Iconic. Illuminating. Inspiring.
New York City’s Empire State Building symbolizes all that’s great about this spirited city. While most people are familiar with the building because of its central casting and cameos in movies, there’s a lot more to learn about this singular, splendid skyscraper.
Upper tower (almost) a mooring mast for airships
Legend has it that the 200-foot tower at the top of the building was meant to double as a docking port for blimps. An airship would maneuver alongside the tower and tether itself to a winch. Passengers would then use an open-air gangplank to exit the airship onto the tower before heading to the customs office. And the kicker? They’d be down on the ground (as in out the front door of the Empire State Building) in about seven minutes. Uh-huh.
Never mind that the massive vertical winds near the top of the building prohibited airships from successfully docking. Even if the winds were calm enough, each docking would require a decent number of ground crew and a lot of rope — and brave passengers willing to venture out onto a gangplank so high up. Supposedly, one small Goodyear blimp managed to tether itself for a few minutes, but it has been said that the building’s owners soon abandoned the absurd docking plan.
The truth is, in this case, much more believable: The building’s spire was erected to ensure that the Empire State Building would still be (at the time, anyway) the tallest building in the world. And the image with the dirigible hovering by the spire? As New Yorker Elaine from “Seinfeld” would say, “Fake, fake, fake, fake.”
As of July 2018, the Empire State Building held the rank of the tallest Leadership in Energy and Environmental Design (LEED)-certified building in the United States. It was awarded the LEED Gold certification for LEED for Existing Buildings: Operation and Maintenance in 2011. The iconic building is also carbon-neutral. Anthony Malkin, the chief executive officer and chairman of Empire State Realty Trust, agreed to buy carbon offsets totaling 55 million kilowatt hours per year of renewable energy.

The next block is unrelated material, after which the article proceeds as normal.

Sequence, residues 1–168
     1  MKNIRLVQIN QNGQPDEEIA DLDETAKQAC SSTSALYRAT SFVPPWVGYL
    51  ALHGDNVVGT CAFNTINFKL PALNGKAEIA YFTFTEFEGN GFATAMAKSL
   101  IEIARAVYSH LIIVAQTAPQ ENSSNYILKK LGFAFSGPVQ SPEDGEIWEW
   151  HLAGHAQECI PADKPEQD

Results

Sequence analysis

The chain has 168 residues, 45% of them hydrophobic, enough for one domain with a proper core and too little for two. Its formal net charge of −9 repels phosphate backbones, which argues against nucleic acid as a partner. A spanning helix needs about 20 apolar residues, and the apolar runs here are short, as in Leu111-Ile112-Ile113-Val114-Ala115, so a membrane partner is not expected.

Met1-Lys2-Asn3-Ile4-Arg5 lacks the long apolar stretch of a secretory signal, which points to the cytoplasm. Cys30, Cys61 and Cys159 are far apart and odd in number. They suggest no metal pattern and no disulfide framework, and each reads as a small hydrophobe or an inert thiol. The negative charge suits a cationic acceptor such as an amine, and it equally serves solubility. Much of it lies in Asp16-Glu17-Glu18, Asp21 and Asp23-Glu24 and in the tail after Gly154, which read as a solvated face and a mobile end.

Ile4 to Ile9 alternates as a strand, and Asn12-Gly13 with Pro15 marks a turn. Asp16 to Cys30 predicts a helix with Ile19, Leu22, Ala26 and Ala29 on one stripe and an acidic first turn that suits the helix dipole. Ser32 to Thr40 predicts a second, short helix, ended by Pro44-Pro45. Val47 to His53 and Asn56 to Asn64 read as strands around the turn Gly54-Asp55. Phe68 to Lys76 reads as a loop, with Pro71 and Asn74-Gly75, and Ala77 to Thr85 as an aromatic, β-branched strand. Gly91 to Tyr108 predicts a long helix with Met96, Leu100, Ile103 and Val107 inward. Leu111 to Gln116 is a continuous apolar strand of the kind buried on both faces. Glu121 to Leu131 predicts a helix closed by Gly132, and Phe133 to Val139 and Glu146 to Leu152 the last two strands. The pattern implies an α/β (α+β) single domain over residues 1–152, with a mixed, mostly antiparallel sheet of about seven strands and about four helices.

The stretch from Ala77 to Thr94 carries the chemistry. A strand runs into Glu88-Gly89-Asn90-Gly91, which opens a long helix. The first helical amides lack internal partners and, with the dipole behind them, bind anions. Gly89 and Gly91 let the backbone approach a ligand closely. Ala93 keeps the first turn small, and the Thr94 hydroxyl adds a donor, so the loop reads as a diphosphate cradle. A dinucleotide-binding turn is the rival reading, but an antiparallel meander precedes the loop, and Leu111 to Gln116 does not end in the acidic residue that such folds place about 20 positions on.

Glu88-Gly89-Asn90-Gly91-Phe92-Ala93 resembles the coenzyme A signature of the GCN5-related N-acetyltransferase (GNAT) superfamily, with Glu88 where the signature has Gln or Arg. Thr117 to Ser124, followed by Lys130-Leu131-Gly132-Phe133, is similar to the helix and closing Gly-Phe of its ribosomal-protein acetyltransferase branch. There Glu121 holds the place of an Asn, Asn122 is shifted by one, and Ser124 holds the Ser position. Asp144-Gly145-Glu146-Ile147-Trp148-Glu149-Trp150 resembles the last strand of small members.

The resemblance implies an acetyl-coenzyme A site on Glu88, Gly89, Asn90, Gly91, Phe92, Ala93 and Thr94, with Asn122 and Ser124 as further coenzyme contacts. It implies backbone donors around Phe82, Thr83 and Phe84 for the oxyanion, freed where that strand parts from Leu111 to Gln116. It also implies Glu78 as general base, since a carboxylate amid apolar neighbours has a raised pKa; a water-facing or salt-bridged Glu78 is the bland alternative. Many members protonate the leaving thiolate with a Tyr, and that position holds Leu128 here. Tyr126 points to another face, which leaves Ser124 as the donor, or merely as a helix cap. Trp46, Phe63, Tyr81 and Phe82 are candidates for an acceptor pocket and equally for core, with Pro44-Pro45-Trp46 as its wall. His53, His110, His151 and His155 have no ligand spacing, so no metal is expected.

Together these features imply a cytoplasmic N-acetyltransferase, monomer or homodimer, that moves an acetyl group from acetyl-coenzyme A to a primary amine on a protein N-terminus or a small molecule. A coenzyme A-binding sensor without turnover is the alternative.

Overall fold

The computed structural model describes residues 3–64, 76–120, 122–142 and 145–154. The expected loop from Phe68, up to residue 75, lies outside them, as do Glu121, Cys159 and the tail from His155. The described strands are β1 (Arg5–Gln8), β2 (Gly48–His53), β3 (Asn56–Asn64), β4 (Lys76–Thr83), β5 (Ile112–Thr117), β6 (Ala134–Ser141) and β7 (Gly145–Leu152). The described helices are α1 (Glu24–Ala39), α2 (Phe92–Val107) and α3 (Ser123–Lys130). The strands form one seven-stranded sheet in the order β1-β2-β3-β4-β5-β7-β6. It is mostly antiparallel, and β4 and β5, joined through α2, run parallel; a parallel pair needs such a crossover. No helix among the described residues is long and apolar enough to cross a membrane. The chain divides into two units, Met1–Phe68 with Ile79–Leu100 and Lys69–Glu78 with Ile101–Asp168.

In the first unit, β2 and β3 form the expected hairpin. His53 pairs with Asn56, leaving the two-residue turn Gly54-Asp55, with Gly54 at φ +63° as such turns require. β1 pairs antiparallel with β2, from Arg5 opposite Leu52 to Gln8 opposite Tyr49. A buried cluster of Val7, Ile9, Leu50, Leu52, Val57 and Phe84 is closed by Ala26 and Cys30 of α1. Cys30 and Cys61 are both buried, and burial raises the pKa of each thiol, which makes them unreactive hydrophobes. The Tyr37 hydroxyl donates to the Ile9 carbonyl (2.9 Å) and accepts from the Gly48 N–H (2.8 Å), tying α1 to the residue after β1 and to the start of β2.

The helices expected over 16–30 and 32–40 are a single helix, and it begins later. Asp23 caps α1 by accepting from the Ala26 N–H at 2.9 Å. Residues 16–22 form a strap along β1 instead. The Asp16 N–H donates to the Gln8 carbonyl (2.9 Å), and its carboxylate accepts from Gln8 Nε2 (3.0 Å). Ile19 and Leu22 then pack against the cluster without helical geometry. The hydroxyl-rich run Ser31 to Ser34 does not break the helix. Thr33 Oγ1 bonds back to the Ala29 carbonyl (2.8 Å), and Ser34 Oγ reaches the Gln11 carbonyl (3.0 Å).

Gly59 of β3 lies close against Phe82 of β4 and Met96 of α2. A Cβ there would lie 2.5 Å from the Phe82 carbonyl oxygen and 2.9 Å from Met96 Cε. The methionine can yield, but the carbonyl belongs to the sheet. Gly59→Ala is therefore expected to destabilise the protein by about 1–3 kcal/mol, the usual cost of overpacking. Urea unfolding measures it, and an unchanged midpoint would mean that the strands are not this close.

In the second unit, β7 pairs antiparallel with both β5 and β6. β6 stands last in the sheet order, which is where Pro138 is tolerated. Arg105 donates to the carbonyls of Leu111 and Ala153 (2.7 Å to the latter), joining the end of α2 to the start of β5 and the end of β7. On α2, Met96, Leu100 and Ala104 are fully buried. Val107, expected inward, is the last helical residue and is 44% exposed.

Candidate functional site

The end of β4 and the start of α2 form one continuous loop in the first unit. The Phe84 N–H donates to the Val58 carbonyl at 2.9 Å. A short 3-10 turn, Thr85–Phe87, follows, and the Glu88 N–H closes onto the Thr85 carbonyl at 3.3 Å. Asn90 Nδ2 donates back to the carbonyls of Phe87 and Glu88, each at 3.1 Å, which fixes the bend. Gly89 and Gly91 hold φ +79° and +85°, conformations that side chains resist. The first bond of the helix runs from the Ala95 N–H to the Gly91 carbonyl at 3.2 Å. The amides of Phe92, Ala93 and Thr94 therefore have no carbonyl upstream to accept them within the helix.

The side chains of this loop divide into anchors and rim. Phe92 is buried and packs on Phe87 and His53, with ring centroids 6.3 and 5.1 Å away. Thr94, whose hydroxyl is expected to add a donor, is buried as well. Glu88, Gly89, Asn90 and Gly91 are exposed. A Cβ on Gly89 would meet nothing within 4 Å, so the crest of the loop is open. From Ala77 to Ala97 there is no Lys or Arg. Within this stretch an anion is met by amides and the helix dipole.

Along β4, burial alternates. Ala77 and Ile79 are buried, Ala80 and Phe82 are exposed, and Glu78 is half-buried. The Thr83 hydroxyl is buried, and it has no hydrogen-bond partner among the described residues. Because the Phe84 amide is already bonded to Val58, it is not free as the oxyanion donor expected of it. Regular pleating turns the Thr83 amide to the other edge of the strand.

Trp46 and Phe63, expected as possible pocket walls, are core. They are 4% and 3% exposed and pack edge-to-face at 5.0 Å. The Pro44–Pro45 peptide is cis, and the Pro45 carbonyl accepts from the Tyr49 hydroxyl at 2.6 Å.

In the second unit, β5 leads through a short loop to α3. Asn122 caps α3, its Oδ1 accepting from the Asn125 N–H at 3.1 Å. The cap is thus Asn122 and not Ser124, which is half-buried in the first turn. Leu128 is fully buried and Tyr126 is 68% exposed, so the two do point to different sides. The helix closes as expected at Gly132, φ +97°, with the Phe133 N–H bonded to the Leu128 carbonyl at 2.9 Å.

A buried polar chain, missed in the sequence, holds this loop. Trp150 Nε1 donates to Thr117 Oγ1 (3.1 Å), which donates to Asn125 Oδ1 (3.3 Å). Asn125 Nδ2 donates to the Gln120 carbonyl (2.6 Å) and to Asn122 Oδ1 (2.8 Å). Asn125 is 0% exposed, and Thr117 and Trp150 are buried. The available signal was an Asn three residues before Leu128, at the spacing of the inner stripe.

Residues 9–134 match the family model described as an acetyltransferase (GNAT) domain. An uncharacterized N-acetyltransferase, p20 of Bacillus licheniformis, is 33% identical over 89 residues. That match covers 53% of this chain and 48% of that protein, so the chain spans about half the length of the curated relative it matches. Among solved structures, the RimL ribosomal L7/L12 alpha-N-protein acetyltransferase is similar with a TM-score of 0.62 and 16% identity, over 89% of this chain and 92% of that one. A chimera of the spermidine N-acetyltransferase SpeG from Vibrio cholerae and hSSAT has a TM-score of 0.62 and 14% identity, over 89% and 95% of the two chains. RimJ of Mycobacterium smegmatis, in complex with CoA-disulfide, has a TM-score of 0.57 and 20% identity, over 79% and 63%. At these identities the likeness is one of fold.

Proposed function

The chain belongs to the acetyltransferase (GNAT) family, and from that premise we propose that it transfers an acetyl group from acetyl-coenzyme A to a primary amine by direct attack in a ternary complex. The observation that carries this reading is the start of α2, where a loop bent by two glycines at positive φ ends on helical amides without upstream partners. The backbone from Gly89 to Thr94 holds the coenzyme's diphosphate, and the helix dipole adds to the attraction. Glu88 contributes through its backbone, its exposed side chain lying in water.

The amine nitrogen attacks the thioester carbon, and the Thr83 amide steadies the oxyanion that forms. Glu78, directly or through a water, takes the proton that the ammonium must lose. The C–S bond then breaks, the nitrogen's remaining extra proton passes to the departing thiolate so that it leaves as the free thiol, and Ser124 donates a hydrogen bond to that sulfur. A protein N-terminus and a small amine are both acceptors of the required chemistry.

The Empire State Building Run-Up
Not for the faint of heart, the Empire State Building Run-Up (ESBRU) tests both the physical and mental endurance of those who attempt to run the 86 flights — 1,576 stairs — each May. That equates to about 1/5 of a mile vertically.
The fastest course records belong to Paul Crake of Australia, who finished in 9:33 in 2003, and Andrea Mayr of Austria, who ran it in 11:23 in 2006.
Who “gets” to participate in this fun run? Elite runners (men and women), members of the media, celebrities, NYC real estate brokers, employees of Turkish Airlines (the presenting sponsor of the 2019 ESBRU), members of the NYPD and FDNY, lottery winners and athletes associated with the Challenged Athletes Foundation (CAF) — the official charity of the Run-Up.
How does one of the world’s most famous races logistically take place in one of the world’s most recognizable and heavily trafficked buildings? The race doesn’t start till 8 PM — giving the throngs of sightseers and regular working folks enough time to exit the building before the mad rush up begins.